Wednesday, June 27, 2007

Briefly reporting in

Tomorrow morning, I'm making an important (semi-final) code delivery to my (non-GSoC) client. I've been focusing on this for the last few days. After this, SymPy will be my only major project. Expect an update sometime next week.

Book club (Gail and Martin): sorry for the lapse, I will get back into this soon. Thanks for your loyal and unwaivering support ;-)

Tuesday, June 19, 2007

SymPy 0.4.1 released, with windows installer

This is the first release to include SymPy Plot.

0.4.1 source tarball
0.4.1 windows installer
SymPy homepage

PyOpenGL is required for SymPy plotting support. While *nix users should have no problem (apt-get install python-opengl), Windows users will find it difficult, if not impossible, to use PyOpenGL with Python 2.5. I recommend setting up your Python environment as follows:
  1. Install Python 2.4.4 to C:\Python24 (the default location)
    I normally like to install all of my programs in C:\Program Files, but unfortunately PyOpenGL depends on the default install path.
  2. Install Numeric-23.7.win32-py2.4.exe
  3. Install numarray-1.1.1.win32-py2.4.exe
  4. Install PyOpenGL-
  5. Install sympy-0.4.1.win32.exe
  6. >>> from sympy import Symbol
    >>> from sympy.modules.graphing import Plot
    >>> x = Symbol('x')
    >>> Plot(x**2, [x, -1, 1, 10])

If you get a dll not found error relating to GLUT, obtain glut32.dll and put it in C:\Python24\Lib\site-packages\OpenGL.

Thursday, June 14, 2007

SymPy Plot: Now available in SVN

To try it out, check out or update from SVN and look at examples\ You'll need to download and setup PyOpenGL for your platform: on ubuntu, apt-get install python-opengl; on windows, you might have luck with the instructions here. So far, I've only tried it on Windows with Python 2.4.

Enjoy, and let me know how it goes!

Wednesday, June 13, 2007

SymPy Plot: First screenshots

>>> f1 = 0.1+x**2+y**2
>>> f2 = -0.1-x**2-y**2
>>> Plot( f1, f2, [x, -0.75, 0.75, 8], [y, -0.75, 0.75, 8] )

>>> Plot( x*y**3-y*x**3, [x, -1, 1, 20], [y, -1, 1, 20] )

Tuesday, June 12, 2007

Book club, time to regroup?

To the GEB Book Club:

The weekly GEB posts are quickly becoming really hard for me to keep up with. I've also noticed that discussion has tapered off significantly. I don't want to give it up just yet, but I do want to regauge the interest level. If you are participating, or have a suggestion, I'd really like to hear from you. Thanks!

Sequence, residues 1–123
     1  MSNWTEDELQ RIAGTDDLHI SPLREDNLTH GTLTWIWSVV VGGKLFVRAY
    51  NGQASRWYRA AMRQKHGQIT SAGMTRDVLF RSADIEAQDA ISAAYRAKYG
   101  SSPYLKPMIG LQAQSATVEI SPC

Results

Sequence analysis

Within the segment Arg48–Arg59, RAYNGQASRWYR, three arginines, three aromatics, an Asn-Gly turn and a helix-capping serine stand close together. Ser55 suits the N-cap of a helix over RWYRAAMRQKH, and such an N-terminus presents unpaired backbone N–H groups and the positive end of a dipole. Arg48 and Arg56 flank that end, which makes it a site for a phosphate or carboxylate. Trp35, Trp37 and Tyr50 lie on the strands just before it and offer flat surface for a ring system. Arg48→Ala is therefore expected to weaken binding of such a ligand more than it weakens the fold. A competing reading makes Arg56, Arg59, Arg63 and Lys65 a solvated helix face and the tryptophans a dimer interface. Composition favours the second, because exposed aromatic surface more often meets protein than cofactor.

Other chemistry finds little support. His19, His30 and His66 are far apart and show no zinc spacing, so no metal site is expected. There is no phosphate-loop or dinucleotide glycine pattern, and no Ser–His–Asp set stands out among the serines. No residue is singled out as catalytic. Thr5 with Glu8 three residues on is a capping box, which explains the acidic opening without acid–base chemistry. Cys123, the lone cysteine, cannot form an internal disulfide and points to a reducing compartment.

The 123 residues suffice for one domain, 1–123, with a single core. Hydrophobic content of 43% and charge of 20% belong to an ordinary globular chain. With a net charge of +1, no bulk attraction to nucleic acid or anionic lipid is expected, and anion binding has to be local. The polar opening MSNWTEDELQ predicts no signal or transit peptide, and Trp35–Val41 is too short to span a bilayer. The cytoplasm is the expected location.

Thursday, June 7, 2007

Vision for an extensible visualization tool

In addition to providing standard 2d and 3d function graphing capabilities, the SymPy graphing module will be able to render 2d and 3d geometric entities on the plot, such as lines, vectors, and triangles. While the rendering system will be completely hidden from the casual user who simply wants to plot a few curves or surfaces, advanced users will be able to extend or create new kinds of renderable objects.

A new submodule called sympy.modules.graphing.scene makes this possible by providing a high-level rendering abstraction on top of OpenGL through the Scene class. A Scene handles the boilerplate OpenGL setup and teardown code. It also maintains a list of objects to be rendered, which are represented by objects which implement the Renderable interface. Renderable is a base class providing the render() function, which retrieves the object's primitive representation for rendering. This representation is something that OpenGL can render directly, such as a line list or a tri strip.

For example, consider the Renderable called CartesianCurve, which represents a plane curve in the form y = f(x); when CartesianCurve's render() function is called by a Scene which contains it, it returns a representative list of coordinate pairs, which are then used to render an OpenGL line list. The various other types of plots will be implemented as subclasses of Renderable in the same way. Here are some examples of possible constructor syntax for function plot Renderables:

# y = f(x)
CartesianCurve( x**3, [x, -10, 10, 20] )

# x = f(t), y = f(t)
ParametricCurve( cos(t), sin(t), [t, 0, 2*pi, 32] )

# r = f(theta)
PolarCurve( t, [t, 0, 2*pi, 32] )

# z = f(x, y)
CartesianSurface( x**2+y**2, [x, -1, 1, 5], [y, -1, 1, 5] )

# radius = f(z, theta)
CylindricalShell( 1.0, [z, 0, 1, 2], [t, 0, 2*pi, 32] )
CylindricalShell( t*sqrt(z), [z, 0, 1, 2] )

# radius = f(theta, rho)
SphericalShell( 1.0, [t], [p] )

Tuesday, June 5, 2007

Grub Error 17?!

My desktop has died. Looks like hard drive failure (long delays on hdd detection, then grub error 17, can't mount partition). I'm pretty used to this, seems to happen to me biannually. The Ubuntu live CD won't even come up, so my chances for data recovery seem pretty slim. The worst thing is that I just downloaded but have not yet watched two iTunes purchases (yesterday's Daily Show and Colbert). I also stand to lose quite a bit of work for my contracts as well as GSoC. Time to get out the screwdriver...